Super Bowl 51 has finally arrived. With the NFL growing increasingly popular in the UK, we look at the vital teamwork lessons that this great sporting event can teach us – and how you can apply these lessons in your day-to-day work.
Great teams are more than the sum of their parts
Last year’s finalists, the Denver Broncos, were keen to avoid a repeat of their Super Bowl upset three years ago. Back then, the presence of star quarterback Peyton Manning – widely considered one of the game’s greats – made them favourites to secure the title. But in what remains one of the greatest underdog stories in recent history, their opponents, the Seattle Seahawks, won easily 43-8.
The secret of the Seahawks’ success? Tight defence and co-ordinated blocking meant the team became more than the sum of its parts and easily removed the threat of a single individual – even if that individual was one of the greatest players the game has ever seen.
Egos need to be kept in check
The unity the Seahawks displayed on the pitch in 2014 was reflected in their behaviour off it. Their owner, manager and coach were all reading from the same script; they knew and understood each other’s roles and allowed each other to carry out what they did best. The rest is Super Bowl history.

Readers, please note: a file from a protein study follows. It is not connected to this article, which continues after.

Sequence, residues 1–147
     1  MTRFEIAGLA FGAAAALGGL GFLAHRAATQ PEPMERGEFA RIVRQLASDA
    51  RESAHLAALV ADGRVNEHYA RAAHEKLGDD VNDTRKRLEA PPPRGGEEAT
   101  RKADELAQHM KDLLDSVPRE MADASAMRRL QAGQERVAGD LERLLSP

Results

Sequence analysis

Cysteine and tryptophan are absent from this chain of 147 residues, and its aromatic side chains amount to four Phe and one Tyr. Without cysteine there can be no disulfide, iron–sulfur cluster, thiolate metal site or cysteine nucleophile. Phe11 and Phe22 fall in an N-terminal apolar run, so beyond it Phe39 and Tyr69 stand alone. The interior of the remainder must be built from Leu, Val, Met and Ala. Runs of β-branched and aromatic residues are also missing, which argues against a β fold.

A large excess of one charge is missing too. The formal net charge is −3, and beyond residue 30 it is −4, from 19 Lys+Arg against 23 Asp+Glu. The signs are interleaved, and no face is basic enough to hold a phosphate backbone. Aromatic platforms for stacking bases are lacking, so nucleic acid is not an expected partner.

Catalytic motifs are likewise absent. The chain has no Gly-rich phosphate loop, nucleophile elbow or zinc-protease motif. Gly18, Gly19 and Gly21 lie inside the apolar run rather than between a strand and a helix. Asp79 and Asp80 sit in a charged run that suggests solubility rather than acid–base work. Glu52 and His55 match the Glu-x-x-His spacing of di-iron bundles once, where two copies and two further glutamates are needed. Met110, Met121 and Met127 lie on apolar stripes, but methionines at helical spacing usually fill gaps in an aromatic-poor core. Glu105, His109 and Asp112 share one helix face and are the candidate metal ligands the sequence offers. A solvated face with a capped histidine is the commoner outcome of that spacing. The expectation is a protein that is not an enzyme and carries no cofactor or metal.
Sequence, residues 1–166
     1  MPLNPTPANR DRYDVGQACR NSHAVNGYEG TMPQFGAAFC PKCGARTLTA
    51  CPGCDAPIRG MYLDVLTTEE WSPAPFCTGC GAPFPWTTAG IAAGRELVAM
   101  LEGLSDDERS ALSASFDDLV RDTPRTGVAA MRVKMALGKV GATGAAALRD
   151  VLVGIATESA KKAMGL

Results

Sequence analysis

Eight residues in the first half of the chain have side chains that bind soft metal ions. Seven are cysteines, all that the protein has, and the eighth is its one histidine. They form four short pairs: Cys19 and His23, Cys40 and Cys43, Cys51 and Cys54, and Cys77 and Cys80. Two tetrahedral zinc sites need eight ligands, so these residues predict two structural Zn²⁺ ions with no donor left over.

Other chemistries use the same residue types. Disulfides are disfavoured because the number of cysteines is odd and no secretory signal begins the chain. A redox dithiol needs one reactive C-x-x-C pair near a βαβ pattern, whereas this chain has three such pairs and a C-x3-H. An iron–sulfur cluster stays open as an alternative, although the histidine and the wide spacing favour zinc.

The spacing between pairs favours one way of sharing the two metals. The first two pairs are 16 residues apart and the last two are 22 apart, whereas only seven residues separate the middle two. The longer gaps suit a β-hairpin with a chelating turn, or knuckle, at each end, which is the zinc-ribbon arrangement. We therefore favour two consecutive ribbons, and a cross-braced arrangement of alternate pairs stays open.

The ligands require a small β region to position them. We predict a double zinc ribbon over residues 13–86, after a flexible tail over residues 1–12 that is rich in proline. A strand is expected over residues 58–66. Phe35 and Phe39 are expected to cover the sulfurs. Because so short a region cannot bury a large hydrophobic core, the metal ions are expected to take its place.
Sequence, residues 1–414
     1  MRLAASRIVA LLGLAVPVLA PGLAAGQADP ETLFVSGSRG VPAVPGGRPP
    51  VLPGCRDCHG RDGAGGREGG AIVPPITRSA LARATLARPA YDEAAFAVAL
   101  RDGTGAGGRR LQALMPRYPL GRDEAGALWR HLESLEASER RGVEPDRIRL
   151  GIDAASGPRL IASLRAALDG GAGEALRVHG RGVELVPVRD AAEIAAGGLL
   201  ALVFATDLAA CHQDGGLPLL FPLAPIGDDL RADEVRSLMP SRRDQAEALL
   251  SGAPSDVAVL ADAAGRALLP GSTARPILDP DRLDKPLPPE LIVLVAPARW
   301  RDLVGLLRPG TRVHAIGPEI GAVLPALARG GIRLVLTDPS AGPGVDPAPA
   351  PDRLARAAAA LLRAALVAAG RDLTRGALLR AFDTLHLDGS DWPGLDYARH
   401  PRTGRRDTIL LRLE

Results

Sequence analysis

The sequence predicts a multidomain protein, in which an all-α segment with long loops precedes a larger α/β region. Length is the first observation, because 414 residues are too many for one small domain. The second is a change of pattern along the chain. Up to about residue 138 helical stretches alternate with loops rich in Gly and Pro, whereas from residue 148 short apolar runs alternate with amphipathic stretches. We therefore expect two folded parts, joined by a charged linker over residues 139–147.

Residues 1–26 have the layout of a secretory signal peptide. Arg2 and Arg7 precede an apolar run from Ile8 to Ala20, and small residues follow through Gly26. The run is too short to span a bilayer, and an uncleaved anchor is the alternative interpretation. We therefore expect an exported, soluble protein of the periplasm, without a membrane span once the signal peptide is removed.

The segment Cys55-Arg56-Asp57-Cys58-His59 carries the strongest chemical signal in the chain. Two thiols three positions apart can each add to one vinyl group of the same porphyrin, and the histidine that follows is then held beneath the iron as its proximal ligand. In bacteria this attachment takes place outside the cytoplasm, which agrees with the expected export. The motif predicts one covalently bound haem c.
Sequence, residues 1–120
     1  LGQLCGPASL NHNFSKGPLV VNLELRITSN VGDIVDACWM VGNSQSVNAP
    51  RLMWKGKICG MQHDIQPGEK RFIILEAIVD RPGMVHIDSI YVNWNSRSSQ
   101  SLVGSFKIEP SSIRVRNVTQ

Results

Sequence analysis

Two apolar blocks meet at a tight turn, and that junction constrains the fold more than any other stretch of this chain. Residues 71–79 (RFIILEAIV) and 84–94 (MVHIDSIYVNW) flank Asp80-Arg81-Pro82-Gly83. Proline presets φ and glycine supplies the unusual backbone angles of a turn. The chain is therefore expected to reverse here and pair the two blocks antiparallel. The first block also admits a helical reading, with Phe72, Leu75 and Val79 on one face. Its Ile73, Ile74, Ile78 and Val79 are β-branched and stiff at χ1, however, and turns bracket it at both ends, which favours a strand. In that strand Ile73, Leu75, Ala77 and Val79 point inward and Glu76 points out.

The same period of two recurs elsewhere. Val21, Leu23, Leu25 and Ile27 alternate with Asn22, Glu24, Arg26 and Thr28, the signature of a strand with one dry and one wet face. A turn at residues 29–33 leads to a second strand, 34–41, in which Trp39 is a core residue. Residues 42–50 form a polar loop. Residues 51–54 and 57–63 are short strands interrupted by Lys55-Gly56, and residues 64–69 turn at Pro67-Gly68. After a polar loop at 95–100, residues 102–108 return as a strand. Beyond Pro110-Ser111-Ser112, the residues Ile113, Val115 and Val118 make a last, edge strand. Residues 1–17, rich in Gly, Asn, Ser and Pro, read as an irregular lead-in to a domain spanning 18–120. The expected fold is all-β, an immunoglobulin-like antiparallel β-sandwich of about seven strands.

Contrast this with teams such as the Dallas Cowboys and Washington Redskins, who have both suffered from disagreements between owners and coaches in recent years, resulting in dramatically poor performances.
If you want to be part of a successful team, it’s vital you show your colleagues respect, recognise what they can do that you can’t and let them do their jobs effectively.
Adaptability helps you deal with adversity
All teams face adversity at some point or another. For an NFL team, it might come in the form of an injured player. For you, it might be a colleague who has to suddenly go on leave. The important question is, how does the team respond?
When, three years ago, the Broncos came up against the Seahawks’ superior game plan, they showed us how not to deal with adversity, failing to change their ineffective strategy and missing opportunities to rally.
Perhaps if they had shown more flexibility, they might have enjoyed more success. Strong teams have the power to adapt to changing circumstances. And if injury – or absence – removes a key player, then the overlapping skills of the team’s other members should be enough to see it through.
In the end, in one of the most defensive Super Bowl matchups in NFL history, the Broncos took an early lead in Super Bowl 50, never trailed and managed to lift the trophy as winners.